The Shenandoah Watershed Study monitors the health of mountain streams and the creatures that live in them.
Photo by Jack Mellott.
Acid rain makes its way to Virginia from 13 states in the Southeast and Midwest. Coming primarily from coal-burning power plants, this pollution causes long-term damage to mountain streams and forests. The hazy air that results is obvious, but what most people don’t see is the gradual loss of fish and other aquatic organisms, as well as trees and other vegetation.
Jim Galloway, U.Va. professor of environmental sciences and co-director of the Shenandoah Watershed Study (SWAS), and other scientists have been studying and monitoring dozens of mountain streams in Virginia and throughout the Southeast for 25 years. Their studies show that only about 50 percent of Virginia’s mountain streams support native trout, down from about 80 percent before the start of the Industrial Age in the mid-1800s.
Despite improved air quality since amendments to the Clean Air Act took effect in 1991, mountain streams in the Southeast continue to suffer due to acidic deposition. U.Va. studies indicate that the decline will continue, and only about 42 percent of Virginia’s streams will support native trout by the midpoint of this century. Power plant emissions will likely need to be further reduced in coming years to eventually improve the quality of mountain streams and the overall environment, Galloway said.
In addition to acid rain, stream environments are affected by logging operations, fire, encroaching development, insect infestations, climate change and certain atmospheric chemicals such as ozone. Some of these threats are local in scale, many are regional, and all are national concerns, Galloway said.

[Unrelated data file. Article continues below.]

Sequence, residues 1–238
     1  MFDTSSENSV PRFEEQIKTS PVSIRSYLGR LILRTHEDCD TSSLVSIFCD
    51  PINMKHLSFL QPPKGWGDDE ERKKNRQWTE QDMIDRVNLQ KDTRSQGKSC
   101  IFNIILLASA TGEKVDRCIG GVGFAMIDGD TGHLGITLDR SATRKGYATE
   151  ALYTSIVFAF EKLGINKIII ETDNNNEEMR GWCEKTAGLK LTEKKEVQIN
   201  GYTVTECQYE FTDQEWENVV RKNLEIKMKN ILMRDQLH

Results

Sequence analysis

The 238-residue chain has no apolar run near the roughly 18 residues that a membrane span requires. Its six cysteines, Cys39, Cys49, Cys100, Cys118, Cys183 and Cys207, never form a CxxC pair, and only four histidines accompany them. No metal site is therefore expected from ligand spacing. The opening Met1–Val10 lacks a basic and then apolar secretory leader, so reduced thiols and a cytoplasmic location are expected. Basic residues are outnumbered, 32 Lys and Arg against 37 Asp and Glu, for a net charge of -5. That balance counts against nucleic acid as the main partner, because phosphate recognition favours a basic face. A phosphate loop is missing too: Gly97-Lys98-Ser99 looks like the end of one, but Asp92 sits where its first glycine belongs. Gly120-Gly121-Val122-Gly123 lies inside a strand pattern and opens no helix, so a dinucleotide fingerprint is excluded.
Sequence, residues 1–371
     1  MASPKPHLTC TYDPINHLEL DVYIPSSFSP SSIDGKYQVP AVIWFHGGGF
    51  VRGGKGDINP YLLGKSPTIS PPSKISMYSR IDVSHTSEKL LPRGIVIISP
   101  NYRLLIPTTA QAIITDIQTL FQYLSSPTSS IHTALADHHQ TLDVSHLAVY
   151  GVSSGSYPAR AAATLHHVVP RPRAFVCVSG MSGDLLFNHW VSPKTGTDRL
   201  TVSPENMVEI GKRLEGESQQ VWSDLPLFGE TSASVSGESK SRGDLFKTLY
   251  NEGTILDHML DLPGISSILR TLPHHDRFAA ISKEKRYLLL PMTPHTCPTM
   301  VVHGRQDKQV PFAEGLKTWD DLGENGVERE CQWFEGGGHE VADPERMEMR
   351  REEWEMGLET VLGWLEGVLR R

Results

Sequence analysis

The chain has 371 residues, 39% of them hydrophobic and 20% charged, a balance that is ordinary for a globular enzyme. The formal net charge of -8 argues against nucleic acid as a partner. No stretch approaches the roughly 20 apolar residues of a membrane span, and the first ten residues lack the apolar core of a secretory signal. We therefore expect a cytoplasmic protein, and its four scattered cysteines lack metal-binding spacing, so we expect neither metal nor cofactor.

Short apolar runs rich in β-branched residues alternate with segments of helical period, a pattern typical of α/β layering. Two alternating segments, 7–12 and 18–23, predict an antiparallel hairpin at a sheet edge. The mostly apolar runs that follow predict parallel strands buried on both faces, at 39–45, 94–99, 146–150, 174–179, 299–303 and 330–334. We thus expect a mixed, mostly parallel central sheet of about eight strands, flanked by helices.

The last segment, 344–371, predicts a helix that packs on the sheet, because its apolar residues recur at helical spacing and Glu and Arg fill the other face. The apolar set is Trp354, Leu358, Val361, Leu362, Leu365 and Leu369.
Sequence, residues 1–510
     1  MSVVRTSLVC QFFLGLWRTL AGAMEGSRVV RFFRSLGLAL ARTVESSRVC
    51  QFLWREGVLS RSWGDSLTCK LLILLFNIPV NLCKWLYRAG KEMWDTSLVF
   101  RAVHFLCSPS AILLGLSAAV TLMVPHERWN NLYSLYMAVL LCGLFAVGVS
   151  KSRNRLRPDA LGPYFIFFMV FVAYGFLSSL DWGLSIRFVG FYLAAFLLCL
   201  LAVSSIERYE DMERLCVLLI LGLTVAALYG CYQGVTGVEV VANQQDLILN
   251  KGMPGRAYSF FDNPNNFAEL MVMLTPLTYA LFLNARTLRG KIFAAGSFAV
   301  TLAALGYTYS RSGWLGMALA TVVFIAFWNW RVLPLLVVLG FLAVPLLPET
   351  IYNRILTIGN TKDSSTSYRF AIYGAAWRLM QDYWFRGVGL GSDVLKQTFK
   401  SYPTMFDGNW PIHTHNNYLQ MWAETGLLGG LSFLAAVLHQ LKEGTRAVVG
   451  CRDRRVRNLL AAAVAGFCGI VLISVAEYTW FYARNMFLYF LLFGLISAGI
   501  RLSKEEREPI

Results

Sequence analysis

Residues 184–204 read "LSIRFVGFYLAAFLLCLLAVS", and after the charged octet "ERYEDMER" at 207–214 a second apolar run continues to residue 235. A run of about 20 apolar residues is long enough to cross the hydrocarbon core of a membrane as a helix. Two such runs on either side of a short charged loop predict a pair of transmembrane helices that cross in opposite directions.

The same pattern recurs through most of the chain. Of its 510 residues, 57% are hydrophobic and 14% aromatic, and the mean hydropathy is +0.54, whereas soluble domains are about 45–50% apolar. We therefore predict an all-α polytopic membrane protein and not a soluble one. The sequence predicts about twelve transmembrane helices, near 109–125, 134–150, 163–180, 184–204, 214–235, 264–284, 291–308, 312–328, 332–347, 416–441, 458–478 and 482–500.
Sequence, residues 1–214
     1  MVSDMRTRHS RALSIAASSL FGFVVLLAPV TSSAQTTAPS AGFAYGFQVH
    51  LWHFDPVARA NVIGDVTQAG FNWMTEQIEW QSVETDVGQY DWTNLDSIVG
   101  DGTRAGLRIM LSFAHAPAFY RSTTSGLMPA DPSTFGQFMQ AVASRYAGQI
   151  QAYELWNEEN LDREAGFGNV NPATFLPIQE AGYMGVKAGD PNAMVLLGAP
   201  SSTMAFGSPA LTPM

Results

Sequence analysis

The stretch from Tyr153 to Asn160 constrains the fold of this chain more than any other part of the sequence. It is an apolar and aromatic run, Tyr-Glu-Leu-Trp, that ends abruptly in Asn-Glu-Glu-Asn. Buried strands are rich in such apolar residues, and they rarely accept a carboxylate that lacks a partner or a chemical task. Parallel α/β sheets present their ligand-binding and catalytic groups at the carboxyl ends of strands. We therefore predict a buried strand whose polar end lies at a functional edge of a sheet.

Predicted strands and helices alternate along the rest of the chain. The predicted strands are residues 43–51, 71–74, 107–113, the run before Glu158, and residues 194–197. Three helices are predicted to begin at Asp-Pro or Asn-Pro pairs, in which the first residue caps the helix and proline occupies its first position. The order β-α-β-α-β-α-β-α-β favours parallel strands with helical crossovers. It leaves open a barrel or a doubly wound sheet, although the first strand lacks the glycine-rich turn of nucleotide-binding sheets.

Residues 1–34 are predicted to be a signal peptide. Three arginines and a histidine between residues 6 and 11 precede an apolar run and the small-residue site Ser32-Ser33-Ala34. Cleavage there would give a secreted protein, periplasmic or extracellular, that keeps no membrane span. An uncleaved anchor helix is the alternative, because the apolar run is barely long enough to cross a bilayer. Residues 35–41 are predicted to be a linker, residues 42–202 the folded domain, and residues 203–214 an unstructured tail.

SWAS scientists will present their long-term findings, providing a benchmark for the effects of acid rain on native brook trout and other aquatic creatures, at a symposium on Virginia’s mountain streams on Oct. 30 in Charlottesville. Participants from several key stakeholding organizations will present lectures, discussions and informal talks throughout the day.
Participating organizations include: U.Va.’s SWAS, the U.S. Environmental Protection Agency, the National Park Service, the Dominion Foundation, the U.S. Forest Service, the Virginia Department of Game and Inland Fisheries, Trout Unlimited, the Canaan Valley Institute and the Southern Environmental Law Center.
"This won’t be a bunch of intellectuals talking to other intellectuals; it will be real stakeholders holding discussions with each other and the public about watershed issues that are important to all of us," Galloway said.